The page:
Plans are in the pipeline to develop a new hospital, a major mixed-use development, apartments, a new public realm and a landmark rooftop destination at Cork city’s South Docks.
O’Callaghan Properties is poised to lodge two separate planning applications in the coming weeks for the development of what it is describing as a “vibrant, dynamic mixed-use neighbourhood” on a 4.162 acres site running from Marina Walk onto the River Lee at Kennedy Quay and a boundary marked by Victoria Road and Mill Road to the east.
Plans for the first phase of the development will be lodged shortly while plans for a second phase of the project are expected to be submitted in the new year.
The project will comprise a circa 1 million square foot development including a 122,000 sq. ft. 130-bed rehabilitation hospital- the first of its kind in Ireland outside of Dublin.
Under phase one of the project, the derelict Odlums Mills will be restored and repurposed to create two-seven and nine-storey buildings incorporating 84 one, two and three-bed apartments, a cinema, food hall, office space and a new 360-degree landmark rooftop destination in the city.
Also included in the plans for the South Docks is the development of an 80,000 sq. ft. 11 storey building with 80 “build to sell” apartments in addition to 450,000 sq. ft. of office and mixed-use space in three buildings ranging in height from nine to 12 storeys.
A new waterfront public realm and amenity space is also included.
As part of its plans for the South Docks, O’Callaghan Properties will also seek approval to demolish the R & H Hall silos which it says have “major structural issues” which “make a viable re-purposing of the silo buildings impossible to achieve”.
O’Callaghan Properties say that the development of this phase of the project has the potential to create in the region of 5,000 new jobs when fully developed.
A spokesperson said that the proposed project represents “a significant milestone in Cork city’s development” that would connect the city centre to South Docks.
“The proposed new bridge link, the LRT connection to Kent Station and the backdrop of a new waterfront will have a profound effect on footfall in the area and revitalise the south docks and environs. The promenade at Kennedy Quay has the potential to become one of the city’s primary pedestrian routes and an attraction in its own right,” the spokesperson said.
Phase two of the project will see O’Callaghan Properties submit a separate planning application for, in the region of, 2,000 housing units at the South Docks. It is expected that this application will be made in early 2022.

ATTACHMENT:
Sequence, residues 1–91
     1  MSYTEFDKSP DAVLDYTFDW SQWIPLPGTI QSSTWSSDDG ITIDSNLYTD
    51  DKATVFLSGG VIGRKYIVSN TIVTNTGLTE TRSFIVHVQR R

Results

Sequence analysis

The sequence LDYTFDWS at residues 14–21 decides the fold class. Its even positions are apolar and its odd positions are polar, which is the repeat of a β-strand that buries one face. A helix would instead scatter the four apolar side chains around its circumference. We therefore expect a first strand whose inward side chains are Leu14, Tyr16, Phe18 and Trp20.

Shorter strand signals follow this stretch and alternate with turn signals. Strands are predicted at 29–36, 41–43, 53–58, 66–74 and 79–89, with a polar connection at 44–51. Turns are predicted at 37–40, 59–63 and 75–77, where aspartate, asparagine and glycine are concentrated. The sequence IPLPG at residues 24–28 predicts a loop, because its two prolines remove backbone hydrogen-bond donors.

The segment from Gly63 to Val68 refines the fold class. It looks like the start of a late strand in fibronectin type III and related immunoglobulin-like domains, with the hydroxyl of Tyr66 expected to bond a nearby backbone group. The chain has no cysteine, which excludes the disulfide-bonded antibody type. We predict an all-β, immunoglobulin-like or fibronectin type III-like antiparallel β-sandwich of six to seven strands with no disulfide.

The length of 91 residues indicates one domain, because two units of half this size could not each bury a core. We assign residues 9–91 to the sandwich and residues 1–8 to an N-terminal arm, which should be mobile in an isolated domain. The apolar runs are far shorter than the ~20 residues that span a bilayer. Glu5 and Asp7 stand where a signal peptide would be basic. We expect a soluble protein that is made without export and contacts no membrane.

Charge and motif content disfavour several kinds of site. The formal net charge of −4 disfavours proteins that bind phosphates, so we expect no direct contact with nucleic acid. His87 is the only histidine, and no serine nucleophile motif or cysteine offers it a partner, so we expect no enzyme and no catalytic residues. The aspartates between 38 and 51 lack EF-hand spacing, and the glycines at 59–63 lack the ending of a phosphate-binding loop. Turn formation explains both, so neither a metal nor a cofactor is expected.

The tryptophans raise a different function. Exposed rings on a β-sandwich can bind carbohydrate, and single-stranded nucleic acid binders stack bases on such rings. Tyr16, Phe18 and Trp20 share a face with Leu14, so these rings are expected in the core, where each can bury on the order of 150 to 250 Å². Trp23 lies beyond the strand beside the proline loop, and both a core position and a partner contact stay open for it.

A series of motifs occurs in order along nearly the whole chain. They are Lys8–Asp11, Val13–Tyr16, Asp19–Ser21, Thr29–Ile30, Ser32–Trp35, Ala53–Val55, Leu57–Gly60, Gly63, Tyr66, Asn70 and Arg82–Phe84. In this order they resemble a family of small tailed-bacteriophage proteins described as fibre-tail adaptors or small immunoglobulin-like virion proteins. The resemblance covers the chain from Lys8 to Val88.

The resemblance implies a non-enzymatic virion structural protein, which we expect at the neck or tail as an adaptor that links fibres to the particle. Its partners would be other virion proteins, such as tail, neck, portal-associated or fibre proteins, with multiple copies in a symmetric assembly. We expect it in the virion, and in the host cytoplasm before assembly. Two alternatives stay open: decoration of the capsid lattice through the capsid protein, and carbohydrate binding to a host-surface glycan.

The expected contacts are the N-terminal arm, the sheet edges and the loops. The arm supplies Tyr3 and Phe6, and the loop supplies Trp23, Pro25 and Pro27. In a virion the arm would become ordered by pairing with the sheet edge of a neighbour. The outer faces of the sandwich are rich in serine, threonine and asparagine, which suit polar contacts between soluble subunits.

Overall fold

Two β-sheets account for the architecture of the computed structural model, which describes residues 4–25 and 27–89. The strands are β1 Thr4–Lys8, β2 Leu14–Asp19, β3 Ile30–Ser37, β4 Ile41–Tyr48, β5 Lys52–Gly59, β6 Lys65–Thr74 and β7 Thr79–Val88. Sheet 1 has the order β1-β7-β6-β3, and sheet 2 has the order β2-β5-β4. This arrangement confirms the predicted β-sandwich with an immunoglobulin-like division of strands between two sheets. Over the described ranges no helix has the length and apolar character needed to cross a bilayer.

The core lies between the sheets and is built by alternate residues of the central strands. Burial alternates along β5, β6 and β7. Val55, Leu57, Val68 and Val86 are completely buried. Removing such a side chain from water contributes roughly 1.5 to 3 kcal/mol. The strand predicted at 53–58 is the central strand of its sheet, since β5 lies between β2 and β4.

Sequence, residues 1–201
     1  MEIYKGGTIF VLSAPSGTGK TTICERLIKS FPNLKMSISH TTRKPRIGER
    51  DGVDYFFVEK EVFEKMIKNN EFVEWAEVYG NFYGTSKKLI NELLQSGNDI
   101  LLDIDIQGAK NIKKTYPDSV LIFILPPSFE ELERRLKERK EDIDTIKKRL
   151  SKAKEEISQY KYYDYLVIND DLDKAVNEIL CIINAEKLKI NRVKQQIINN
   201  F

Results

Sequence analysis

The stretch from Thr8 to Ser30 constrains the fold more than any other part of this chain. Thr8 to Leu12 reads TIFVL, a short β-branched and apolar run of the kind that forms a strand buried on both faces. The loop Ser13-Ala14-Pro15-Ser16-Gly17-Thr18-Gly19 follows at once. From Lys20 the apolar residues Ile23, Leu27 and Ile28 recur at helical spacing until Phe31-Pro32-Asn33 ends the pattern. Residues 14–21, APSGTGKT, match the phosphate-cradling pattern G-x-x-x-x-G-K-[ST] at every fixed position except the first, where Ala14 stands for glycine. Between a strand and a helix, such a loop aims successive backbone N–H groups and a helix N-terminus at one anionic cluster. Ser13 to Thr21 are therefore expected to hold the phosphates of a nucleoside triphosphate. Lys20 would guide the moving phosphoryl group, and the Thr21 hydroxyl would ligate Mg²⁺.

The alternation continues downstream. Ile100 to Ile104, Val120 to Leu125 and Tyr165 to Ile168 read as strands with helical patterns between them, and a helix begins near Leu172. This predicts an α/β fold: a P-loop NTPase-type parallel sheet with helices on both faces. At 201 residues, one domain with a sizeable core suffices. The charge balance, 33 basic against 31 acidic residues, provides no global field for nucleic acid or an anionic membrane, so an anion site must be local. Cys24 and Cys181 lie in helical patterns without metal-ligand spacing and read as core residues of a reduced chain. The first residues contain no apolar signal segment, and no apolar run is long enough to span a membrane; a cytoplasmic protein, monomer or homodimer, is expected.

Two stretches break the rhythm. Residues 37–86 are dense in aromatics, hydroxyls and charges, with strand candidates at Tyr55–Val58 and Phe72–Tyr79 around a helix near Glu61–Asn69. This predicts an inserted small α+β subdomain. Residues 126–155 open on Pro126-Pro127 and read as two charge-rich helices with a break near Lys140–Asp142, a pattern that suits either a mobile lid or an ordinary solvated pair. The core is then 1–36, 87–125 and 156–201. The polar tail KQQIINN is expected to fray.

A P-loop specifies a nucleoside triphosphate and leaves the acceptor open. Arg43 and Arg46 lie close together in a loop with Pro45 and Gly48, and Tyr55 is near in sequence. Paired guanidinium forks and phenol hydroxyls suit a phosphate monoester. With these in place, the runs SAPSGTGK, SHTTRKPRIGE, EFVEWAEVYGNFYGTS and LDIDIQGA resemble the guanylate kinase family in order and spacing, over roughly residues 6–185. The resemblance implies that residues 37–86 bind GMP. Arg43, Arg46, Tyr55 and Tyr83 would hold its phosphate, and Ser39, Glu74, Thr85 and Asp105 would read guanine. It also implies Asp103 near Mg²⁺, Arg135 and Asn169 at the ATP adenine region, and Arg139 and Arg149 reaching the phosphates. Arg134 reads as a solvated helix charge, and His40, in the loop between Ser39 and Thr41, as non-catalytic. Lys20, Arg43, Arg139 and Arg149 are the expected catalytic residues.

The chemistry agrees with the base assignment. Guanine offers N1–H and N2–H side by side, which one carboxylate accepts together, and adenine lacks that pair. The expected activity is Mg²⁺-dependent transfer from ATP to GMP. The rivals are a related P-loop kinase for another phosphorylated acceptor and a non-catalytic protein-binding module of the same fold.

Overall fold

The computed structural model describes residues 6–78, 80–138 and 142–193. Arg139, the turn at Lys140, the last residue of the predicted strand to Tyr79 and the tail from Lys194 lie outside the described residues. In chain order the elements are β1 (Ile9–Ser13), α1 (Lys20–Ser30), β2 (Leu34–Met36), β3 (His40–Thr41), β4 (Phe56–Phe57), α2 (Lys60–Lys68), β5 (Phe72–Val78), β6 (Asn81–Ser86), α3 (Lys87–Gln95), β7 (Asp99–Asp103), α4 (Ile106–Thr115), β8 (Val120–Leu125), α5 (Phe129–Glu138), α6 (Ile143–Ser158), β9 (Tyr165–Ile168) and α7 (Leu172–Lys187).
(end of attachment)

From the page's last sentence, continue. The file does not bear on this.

Brian O’Callaghan, managing director of O’Callaghan Properties, said the South Docks project would provide “compelling new options for FDI and indigenous investment” and that the location is also capable of “making serious inroads into residential shortages in the city”.
“Cork city’s population is projected to increase by 50% by 2040. Docklands will drive rapid economic development for Cork and already has shown itself capable of hosting large scale multinational and indigenous investment projects. It is largely underutilised and presents a wonderful opportunity for the city to expand eastwards,” he said.
Mr O’Callaghan noted that the docklands is a major focus of Project Ireland 2040, the National Development Plan and is a key element of the current and proposed City Development Plan and said that the recent commitment of €350 million in URDF funding for the docklands “was a tangible expression of Government support for what is happening and what is possible.”
“South Docks has played a key role in the social and working life of the city and has constantly evolved and changed. The area has moved from industrial use to the ‘new economy’ and our project not only facilitates that journey but creates a new focal point for the city, a new, sustainable amenity of scale.
"This project provides compelling new options for FDI and indigenous investment and makes a very clear statement about the city and the business opportunities in optimal locations outside of Dublin, in the post-Covid and post Brexit period.
“The South Docks location is also capable of making serious inroads into residential shortages in the city and we hope to provide over 2,000 homes on this site. We intend to submit a further planning application for these in the new year,” Mr O’ Callaghan added.
The project has been designed by architectural practice Henry J Lyons who previously worked on the Central Bank of Ireland and the Criminal Courts of Justice buildings in Dublin as well as Navigation Square and Lancaster Quay in Cork.
Landscape master planning for the site has been undertaken by UK company, Exterior Architecture UK (ExA) who previously worked on projects including the Battersea Power Station, Chatham Waterfront, Roturua Cultural Masterplan, New Zealand, amongst many others.
It is currently working on pre-feasibility on the Skycycle project in London which aims to provide 220km of 20-metre-wide cycle and pedestrian infrastructure to be built over the existing Network rail line.
O’Callaghan Properties say that the project is also informed by the challenges arising from climate change, and will promote sustainable values in the lives of those who will reside there and interact with it in other ways.